The player’s name is remembered, and ten Frame objects are constructed with appropriate frame numbers. A “working” frame array is created, initially empty. The working array will keep references to frames when a strike or spare was rolled, until all the bonus pins have been counted.

The method score_roll is where the bulk of the work is accomplished. Each roll’s number of pins felled is the parameter.

# Score a roll of the given number of pins
def score_roll(pins)

Finding the current frame is simply looking for the first frame that isn’t finished. Finished frames are those containing strikes, spares, or open (i.e. neither a strike or spare, but two balls have been scored for the frame).

  # Find the current frame
  frame = @frames.find {|f| !f.finished? }

Next, a quick sanity check against too many reported scores. If all frames are finished (i.e. frame is nil) and there are no working frames (i.e. not waiting on bonus points for a spare or strike), but there is still input, then there was too many input values provided.

  # If we have no current frame and nothing is working, we are
  # scoring too many rolls
  if frame.nil? && @working.empty?
    raise "Too many rolls are being scored in this game."

The next part was a little tricky to follow at first, but does make sense. We delete any working frames if they’re not working… but note that the “not working” condition is checked after a call to f.bonus, which will store the bonus points for working frames (i.e. strikes and spares). The call to bonus can change the frame’s working status (which it should do after one bonus roll for spares, and two bonus rolls for strikes).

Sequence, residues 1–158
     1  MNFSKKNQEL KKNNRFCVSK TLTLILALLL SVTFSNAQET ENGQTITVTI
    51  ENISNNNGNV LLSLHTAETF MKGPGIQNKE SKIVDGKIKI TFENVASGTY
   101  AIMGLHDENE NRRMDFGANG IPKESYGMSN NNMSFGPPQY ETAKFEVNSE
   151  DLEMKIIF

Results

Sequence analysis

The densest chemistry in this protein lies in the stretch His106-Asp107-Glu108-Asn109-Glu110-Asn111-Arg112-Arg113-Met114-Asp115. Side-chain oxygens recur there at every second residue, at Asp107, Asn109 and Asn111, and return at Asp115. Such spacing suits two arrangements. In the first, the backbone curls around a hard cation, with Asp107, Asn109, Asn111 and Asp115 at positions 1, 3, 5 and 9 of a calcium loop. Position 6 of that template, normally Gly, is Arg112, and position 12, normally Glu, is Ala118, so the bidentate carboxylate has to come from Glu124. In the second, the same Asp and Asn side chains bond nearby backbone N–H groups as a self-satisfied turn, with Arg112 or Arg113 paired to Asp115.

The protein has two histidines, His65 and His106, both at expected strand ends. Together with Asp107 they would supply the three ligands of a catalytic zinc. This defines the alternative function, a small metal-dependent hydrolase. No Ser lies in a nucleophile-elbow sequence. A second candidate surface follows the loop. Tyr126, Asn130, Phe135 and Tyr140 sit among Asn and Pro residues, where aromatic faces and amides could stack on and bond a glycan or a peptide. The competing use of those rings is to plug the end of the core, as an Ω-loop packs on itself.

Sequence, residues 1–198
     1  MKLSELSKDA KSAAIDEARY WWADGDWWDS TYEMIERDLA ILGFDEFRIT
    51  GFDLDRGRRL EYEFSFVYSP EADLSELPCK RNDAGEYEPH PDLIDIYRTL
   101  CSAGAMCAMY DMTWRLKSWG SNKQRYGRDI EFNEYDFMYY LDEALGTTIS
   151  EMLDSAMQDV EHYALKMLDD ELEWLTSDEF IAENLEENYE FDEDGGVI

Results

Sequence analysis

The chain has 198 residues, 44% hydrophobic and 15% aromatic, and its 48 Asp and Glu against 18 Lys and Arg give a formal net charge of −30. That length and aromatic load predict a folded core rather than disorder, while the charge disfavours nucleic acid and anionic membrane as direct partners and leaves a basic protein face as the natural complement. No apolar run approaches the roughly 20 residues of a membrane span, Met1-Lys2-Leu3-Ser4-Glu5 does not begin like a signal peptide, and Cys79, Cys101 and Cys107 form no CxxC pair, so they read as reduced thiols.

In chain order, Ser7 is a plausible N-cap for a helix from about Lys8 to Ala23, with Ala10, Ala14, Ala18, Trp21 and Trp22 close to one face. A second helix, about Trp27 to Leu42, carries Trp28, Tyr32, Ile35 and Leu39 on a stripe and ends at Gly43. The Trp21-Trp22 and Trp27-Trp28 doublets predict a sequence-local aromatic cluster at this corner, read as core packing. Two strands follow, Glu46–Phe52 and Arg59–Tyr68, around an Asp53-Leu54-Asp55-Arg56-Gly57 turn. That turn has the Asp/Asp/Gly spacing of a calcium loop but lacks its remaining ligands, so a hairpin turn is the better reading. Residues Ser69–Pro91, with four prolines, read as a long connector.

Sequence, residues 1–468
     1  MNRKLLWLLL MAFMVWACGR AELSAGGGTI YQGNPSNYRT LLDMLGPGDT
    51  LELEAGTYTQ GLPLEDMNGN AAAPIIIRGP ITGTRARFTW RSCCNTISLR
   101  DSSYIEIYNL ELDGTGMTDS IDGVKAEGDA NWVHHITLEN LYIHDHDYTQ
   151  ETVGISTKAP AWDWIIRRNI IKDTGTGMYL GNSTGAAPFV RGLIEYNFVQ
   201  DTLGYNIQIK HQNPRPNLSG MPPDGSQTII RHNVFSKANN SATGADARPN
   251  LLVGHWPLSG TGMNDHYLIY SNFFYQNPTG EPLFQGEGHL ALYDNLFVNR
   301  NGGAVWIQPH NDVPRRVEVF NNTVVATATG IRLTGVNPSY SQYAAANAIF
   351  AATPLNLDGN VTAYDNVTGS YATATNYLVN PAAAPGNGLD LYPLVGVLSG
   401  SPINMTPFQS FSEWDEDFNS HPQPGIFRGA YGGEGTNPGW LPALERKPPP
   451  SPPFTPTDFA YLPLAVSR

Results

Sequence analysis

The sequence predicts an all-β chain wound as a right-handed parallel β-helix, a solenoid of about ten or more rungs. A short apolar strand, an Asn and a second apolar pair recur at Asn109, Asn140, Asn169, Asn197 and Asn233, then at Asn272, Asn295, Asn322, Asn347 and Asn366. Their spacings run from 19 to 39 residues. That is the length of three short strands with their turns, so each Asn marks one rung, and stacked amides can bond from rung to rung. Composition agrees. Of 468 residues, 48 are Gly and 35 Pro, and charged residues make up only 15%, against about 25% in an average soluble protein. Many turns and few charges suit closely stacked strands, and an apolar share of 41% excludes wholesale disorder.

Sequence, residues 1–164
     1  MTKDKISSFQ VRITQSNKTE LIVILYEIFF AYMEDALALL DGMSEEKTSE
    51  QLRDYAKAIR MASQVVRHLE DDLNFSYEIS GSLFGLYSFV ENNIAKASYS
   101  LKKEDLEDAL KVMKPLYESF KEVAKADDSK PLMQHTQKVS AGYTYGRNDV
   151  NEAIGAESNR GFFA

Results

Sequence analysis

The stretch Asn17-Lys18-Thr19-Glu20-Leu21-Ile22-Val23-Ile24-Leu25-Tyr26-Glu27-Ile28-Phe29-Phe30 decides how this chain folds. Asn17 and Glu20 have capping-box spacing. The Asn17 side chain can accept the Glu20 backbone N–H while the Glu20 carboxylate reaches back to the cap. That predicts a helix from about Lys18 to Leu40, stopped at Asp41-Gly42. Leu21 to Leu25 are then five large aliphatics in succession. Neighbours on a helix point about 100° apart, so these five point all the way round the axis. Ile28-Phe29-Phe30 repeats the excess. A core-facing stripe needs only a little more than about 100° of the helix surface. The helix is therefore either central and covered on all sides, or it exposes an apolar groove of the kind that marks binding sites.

# Score bonus pins for strikes and spares that are working
  @working.delete_if {|f| f.bonus(pins); !f.working? }

Keep in mind that @working needs to be an array, rather than a single frame. Two sequential strikes, or a strike followed by a spare, leaves two frames waiting for bonus points, so we need the array.

Finally, we score the current round. We skip this part if there is no frame (which implies the roll is just for bonus points, as the comment suggest). If there is a frame, we call score_roll on it, then append it to @working if it was a strike or a spare and needs bonus points.

  # If we found no current frame, we are in bonus rolls of
  # the tenth frame
  return if !frame

  # Score this ball on the current frame and move it to
  # working if we rolled a spare or strike
  if frame.spare? || frame.strike?
    @working << frame

That’s it for the main game. The rest of BowlingGame is quite simple and needs little explanation, so I’ll pass describing it here, except to say that I was pleased to see output more like a typical bowling game scoring table:

| 62| 71|  X| 9-| 8/|  X|  X| 35| 72|5/8|140|
|  8| 16| 35| 44| 64| 87|105|113|122|140|   |

In each square, the characters in the top row represent the individual rolls (e.g. “62” means two rolls: 6 pins followed by 2 pins). The bottom row is the accumulating score. The sizes work out just perfectly, since there can never be more than three rolls used per frame, and the score is capped at three digits. Highly compact and complete.